• Assign tags to each file or folder
  • Search by any of these

Last but not least, these things need to work regardless of the underlying file system (i.e. NT FS, FAT32, EXFAT, etc.) and the metadata has to move with the file regardless of what tool might be used to move or copy a file.

I didn’t say it was going to be easy.

Improved Start Menu Editor

It took a fair amount of trial and error but I really like the Start Menu as it currently stands. But it’s a pain in the ass to customize so many users don’t even bother. Microsoft needs to come up with a better option. This should include:

  • Method(s) to select multiple items – shift click, control-click, rubber band selection
  • Resize all items in current selection
  • Option to Rename A Start Menu item

Finish Moving Stuff To The Settings Panel

Once upon a time we had the Control Panel: a unified place to access various settings and system options. This worked pretty well but it wasn’t always as user friendly as one might like, so Microsoft came up with the Settings window starting in Windows 8. This was essentially the same basic idea of the Control Panel but redone using the UI conventions of Windows 8. However, not everything in the Control Panel was to be found in the Settings panel. In fact in many cases the Settings Panel simply had links or buttons that led to the original Control Panel items. Over time, the Settings Panel has been updated so that the original Control Panel items are used less and less, but plenty of them are still there.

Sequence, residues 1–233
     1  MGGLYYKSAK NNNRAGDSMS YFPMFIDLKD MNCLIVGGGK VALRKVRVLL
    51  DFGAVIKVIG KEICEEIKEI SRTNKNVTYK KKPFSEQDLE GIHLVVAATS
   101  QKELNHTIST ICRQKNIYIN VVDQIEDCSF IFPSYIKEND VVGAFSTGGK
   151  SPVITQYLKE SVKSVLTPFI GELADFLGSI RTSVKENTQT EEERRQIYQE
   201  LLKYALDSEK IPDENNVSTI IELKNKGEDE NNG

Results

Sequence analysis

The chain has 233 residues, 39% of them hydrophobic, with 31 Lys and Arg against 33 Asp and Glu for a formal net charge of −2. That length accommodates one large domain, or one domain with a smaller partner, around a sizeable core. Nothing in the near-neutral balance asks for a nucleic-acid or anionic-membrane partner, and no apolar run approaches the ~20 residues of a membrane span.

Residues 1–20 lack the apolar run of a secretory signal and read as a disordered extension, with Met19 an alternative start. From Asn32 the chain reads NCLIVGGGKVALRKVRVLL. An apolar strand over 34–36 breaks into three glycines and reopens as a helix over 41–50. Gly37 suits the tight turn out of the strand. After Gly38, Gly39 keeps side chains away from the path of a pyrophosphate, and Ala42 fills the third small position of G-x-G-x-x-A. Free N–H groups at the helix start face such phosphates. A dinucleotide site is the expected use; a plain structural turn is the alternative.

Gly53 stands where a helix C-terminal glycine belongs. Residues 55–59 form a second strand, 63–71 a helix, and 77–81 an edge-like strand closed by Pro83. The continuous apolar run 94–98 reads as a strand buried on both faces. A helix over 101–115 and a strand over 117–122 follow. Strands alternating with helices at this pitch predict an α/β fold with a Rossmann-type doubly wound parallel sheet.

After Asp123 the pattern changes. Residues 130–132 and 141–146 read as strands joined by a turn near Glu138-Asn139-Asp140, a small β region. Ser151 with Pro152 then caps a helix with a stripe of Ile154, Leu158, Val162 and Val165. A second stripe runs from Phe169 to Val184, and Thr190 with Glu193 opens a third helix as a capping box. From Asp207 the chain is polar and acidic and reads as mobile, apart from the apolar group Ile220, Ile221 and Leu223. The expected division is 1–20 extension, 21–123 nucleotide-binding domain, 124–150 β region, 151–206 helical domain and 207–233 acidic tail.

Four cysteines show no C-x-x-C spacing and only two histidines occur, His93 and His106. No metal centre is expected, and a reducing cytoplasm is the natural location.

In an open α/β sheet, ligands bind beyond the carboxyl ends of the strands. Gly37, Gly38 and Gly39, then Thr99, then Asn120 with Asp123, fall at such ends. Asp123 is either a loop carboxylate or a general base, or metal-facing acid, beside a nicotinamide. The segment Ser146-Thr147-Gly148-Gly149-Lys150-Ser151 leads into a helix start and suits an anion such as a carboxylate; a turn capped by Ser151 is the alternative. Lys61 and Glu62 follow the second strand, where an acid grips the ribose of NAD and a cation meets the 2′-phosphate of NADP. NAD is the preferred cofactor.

Microsoft needs to finish this migration.

Update The Damn Command Prompt Already!

The Command Prompt, s text-based command line shell, isn’t going away any time soon, and that’s good as it’s a useful tool. However, the Command Prompt is essentially unchanged in the last 40 (holy freakin’ crap!!!!!!!) years. That’s not so good. T here are several minor updates that are long overdue.

Better Editing — You can mark a block and cut or copy it, but it’s a pain in the ass. This needs to work better.

Change Font Options — You can change font settings, but it’s limited nd again, a pain in the ass.

Tear Down The Text/GUI wall — A text-based command shell can still have some GUI mixed in. Fixing the editing functions would be a step towards this, but there’s more t hat can be done.

One of the things I’ve always hated about text-based command shells is navigating drives and folders and doing thigs like entering long filenames for something several folder levels deep. I Can’t think of a single reason why one couldn’t have a toolbar button that brings up a GUI for navigating to a drive and folder. Another button could lead to a GUI file selector. None of this would prevent you from typing in things the old-fashioned way but now you’d have options.

History Browser — How about a op-up window that lets you view your command history? Yes, you can already use the up and down arrow keys, but it’s easy to lose track of things with that setup.

Update T he Task Bar

The Task Bar hasn’t changed much in quite awhile but there are some updates I’d like to see.

Sizeable Icons — I wat a slider that goes from teeny tiny to way too feakin’ big.

Icon Stacks — Or maybe you’d call this Icon folders. Basically, the ability to have an icon that leads to other icons. I could have a “Games” icon that leads me to icons for individual games.

« Previous Entries